Data curation pipelines: ingesting streaming data, processing it in real time, and curating it for downstream use. A social media company can use these pipelines to create a materialized view that computes the most popular posts and hashtags for each user based on their current and past activity. This materialized view can then be used for a content recommendation engine.
Cloud database pipelines: using techniques such as Change Data Capture (CDC) to generate data streams from legacy systems like legacy databases. These data streams can then be processed with Flink to create materialized views or shared with clients who can take advantage of real-time feeds for timely action.
Cloud data warehouse pipelines: migrating data from traditional data warehouses to modern cloud-based data platforms. Streaming data pipelines let you leverage high-value data from legacy sources and connect them to new endpoints, such as porting data from an on-prem data cube to a modern data warehouse such as Amazon Redshift. You can gradually migrate your mission-critical use cases to the new data warehouse while keeping your current operations intact.
One of the use cases for streaming data pipelines worth highlighting in more depth is augmenting GenAI and Large Language Models (e.g., GPT). These models are pre-trained on large amounts of data, which allows them to generate responses to user queries that are highly accurate and natural sounding. However, these models can still benefit from additional context to improve their accuracy and relevance to specific use cases for an individual user or business.
To enable prompt engineering, developers can use a streaming data pipeline to continuously generate the context needed to improve the model's output. For example, if a user searches for "restaurants near me," a streaming data pipeline can use Flink to process the user's location data and search history to generate context, such as the user's preferred cuisine and price range. This context can then be injected into the GPT model using prompt engineering, which can generate more accurate and relevant responses, such as recommending specific Italian restaurants that match the user's preferences.
Check out the GPT-4 + Streaming Data = Real-Time Generative AI blog post to learn more about how stream processing can enhance your GenAI use cases.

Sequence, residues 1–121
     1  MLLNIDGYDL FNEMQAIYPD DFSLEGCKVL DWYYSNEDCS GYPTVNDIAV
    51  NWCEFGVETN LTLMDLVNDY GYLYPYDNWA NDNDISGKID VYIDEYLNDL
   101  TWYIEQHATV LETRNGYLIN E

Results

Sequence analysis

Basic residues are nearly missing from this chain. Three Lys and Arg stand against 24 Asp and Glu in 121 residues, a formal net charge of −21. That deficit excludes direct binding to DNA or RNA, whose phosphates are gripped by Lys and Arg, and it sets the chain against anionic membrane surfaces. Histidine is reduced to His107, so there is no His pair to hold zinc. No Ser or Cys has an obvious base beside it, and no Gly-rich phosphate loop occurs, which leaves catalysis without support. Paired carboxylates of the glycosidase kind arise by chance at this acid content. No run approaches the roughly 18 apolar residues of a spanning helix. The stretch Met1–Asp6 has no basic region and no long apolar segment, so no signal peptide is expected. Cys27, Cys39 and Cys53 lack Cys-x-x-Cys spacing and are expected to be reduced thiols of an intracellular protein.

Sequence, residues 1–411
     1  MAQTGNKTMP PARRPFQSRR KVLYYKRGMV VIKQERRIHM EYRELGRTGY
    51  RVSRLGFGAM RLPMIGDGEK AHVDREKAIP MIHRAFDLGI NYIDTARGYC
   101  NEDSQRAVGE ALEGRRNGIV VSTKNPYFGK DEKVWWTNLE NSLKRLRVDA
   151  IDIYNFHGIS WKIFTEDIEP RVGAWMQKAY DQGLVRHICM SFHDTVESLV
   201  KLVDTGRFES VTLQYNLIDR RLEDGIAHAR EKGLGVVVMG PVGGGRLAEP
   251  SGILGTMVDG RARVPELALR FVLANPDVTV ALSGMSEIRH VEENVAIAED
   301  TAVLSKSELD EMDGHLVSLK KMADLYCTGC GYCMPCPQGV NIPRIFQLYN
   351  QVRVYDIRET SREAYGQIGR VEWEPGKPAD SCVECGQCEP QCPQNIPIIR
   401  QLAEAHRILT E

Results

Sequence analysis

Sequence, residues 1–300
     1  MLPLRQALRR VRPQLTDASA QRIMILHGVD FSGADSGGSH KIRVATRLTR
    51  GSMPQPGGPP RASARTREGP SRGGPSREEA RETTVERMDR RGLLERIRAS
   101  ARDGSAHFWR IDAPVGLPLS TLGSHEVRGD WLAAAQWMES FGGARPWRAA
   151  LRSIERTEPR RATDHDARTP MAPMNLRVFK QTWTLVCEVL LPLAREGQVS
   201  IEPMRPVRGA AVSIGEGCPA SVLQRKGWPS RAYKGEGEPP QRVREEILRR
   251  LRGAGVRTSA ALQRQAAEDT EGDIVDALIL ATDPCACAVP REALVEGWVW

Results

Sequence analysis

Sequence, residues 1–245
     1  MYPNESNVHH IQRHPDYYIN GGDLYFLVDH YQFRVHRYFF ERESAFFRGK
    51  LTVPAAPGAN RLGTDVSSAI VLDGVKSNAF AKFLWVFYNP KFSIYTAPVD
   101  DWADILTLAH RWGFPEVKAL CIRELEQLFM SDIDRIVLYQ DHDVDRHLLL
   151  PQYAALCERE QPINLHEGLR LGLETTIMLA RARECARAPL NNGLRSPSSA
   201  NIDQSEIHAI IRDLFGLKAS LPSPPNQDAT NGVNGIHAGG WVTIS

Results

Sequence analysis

Flink and Kafka can easily connect to and from different systems to construct streaming data pipelines, combining data from different sources or tables, and applying real-time transformations on-the-fly using a versatile set of developer APIs:
Stream transformation: Flink's APIs, which we gave an overview of in Part One of the series, provide a comprehensive set of tools to address the most common data transformation and enrichment requirements, from simple to advanced transformations.
Enriching and combining streams with JOINs or Connected Streams. Flink supports time-based JOINs, as well as regular JOINs with no time limit, which enables joins between a data stream and data at rest or between two or more data streams. Support for versioned joins, as illustrated below, ensures that data is joined based on the version available at the time of the events. This feature is useful for joining a transaction with the currency rate, for example.
Exactly-once semantics (EOS): Flink supports end-to-end exactly-once semantics, which means that each event is processed only once, avoiding the creation of duplicates even in the event of failure or restart. This guarantee is important for many scenarios like financial pipelines or any pipeline or event-driven application that triggers actions, as executing these actions multiple times is not permitted.
As a Kafka user, you may have noticed that Flink’s common use case types – event-driven applications, real-time analytics, and streaming data pipelines – are very similar to Kafka use cases. That’s because Flink and Kafka are commonly used together to support various workloads, with Flink serving as the compute layer and Kafka as the storage layer. At Confluent, we are building a complete data streaming platform that tightly integrates Kafka and Flink, as well as important governance and security features, to support the most demanding and mission-critical stream processing use cases.
We’ve provided an overview of some of the common use cases for stream processing with Flink, but there is obviously more you can learn to actually implement your own use case(s). To learn about Flink's inner workings in more detail and put the framework into practice, we highly recommend checking out our Flink 101 course on Confluent Developer.
Moreover, we have an exciting lineup of great talks on real-world use cases powered by Flink and Kafka at Current 2023, the leading data streaming conference taking place in San Jose on September 26-27th. Register now to learn from some of the world's top Flink experts!
In the next blog post in our series, we dive into the topic of building streaming applications rapidly using Flink SQL. We will also explore how it relates to the other Flink APIs and showcase some of its built-in functions and operations. Read part three here: Your Guide to Flink SQL: An In-depth Exploration.
Learn the basics of building Apache Flink applications in Java in our course on Confluent Developer.
Get Apache Kafka and Flink news delivered to your inbox biweekly or read the latest editions on Confluent Developer!